Prisoner Rehab makes a comeback

Project Proposed to Reduce Parolee Recidivism

by Martha Sadler

SBJail-File.gifThe state’s top prison official visited
the county this week at the request of outgoing Sheriff Jim
Anderson, to help promote a project that they hope will prepare
more felons to lead law-abiding lives after they are released back
into society. James Tilton, secretary of the California Department
of Corrections and Rehabilitation, dangled before county
supervisors the possibility of a full-immersion rehab program
backed up by a phalanx of new state parole officers. Ideally, the
state would also help fund the facility’s construction in
conjunction with a new North County jail — the jail that Anderson
talked about building throughout his recent, unsuccessful campaign
for reelection. Even though it would house state prisoners at the
end of their sentences, not people sentenced to county jail time,
the project would have the effect of reducing jail overcrowding
because convicts on their way to state prison are first housed in
the county jail. Tilton emphasized that the state prison facility
would be exclusively for convicts from Santa Barbara. Based on
other states’ experience, he estimated that such a facility would
reduce recidivism rates from 67 percent to — at best — 47 percent,
saving $7 in justice system costs for every $1 invested.

There are several hurdles to overcome before a prisoners’
rehabilitation facility becomes a reality. One is that the
legislature has yet to approve funding for any such project.

Tilton, who was appointed by Governor Arnold Schwarzenegger to
revamp the prison system, said that as far as he is concerned,
prisons should focus on transitioning convicts back into society
from the moment they enter the gate, and all new prison
construction should consist of rehab facilities in various
counties. However, in the more likely event that only a single
pilot project is initially funded, Santa Barbara County faces some
tough competition. One of the other contenders is San Francisco,
where Local 22 is already training some 200 prisoners to become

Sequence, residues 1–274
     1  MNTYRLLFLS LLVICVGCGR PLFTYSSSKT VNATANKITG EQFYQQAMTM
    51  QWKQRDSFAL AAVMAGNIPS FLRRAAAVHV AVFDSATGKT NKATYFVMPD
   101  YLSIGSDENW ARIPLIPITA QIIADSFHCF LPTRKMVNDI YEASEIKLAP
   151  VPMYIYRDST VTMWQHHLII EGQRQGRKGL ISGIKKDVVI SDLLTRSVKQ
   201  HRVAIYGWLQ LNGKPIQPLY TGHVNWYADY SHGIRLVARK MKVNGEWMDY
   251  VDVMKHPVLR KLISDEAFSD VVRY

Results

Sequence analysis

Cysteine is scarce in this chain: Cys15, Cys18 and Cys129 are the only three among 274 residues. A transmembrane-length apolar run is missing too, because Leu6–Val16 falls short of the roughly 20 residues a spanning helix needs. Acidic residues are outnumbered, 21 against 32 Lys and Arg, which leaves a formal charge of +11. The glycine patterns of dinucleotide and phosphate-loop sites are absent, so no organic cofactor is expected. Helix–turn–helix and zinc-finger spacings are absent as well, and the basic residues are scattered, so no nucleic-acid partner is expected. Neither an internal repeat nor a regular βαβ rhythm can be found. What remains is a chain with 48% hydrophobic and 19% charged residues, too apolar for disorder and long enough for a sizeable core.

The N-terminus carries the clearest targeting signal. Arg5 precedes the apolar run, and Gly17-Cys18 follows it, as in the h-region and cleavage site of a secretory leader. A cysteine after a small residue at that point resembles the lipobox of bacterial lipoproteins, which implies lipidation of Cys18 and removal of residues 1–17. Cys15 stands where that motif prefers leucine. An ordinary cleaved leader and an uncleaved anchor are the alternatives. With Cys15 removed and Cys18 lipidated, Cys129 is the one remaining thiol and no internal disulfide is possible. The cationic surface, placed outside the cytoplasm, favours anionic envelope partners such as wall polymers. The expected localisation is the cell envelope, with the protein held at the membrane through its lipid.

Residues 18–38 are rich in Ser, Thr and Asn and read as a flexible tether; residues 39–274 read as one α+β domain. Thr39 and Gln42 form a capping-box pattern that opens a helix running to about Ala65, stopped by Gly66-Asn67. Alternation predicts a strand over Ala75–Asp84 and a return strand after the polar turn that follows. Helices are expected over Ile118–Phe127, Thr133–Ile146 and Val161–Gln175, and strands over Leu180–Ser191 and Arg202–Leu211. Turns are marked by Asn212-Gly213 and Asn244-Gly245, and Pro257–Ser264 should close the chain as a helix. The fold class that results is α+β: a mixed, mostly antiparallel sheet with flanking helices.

union carpenters. Tilton suggested that Santa Barbara parolees
might be put to work helping Habitat for Humanity build housing,
and he noted that preliminary fundraising and planning for an
expanded North County jail makes Santa Barbara an attractive
candidate. In addition, an informal group of law enforcement
representatives has been discussing rehabilitation schemes for more
than a year.

Sheriff-elect Bill Brown, although he has been highly skeptical
of Anderson’s plans for a new jail, expressed full support for this
idea. The Board of Supervisors was enthusiastic but expressed some
nervousness about how it would be received in the North County,
where a prison rehab facility would most likely be located. “When
we have folks saying to us that they don’t want affordable housing
next to them,” said 5th District Supervisor Joe Centeno, “I wonder
how they are going to react to this.” Supporters responded that
they had met with nothing but support across the ideological
spectrum when the idea was discussed face-to-face. Joan Petersilia,
a Santa Barbara author and former RAND Corporation prison expert
who has acted as a consultant on rehabilitation facilities in
various states, asked rhetorically, “Who do you want sitting next
to your children on the bus — someone with a plan, or someone who
just got out of 24-hour-a-day lockdown? Men like that get off the
Greyhound in Lompoc all the time.”

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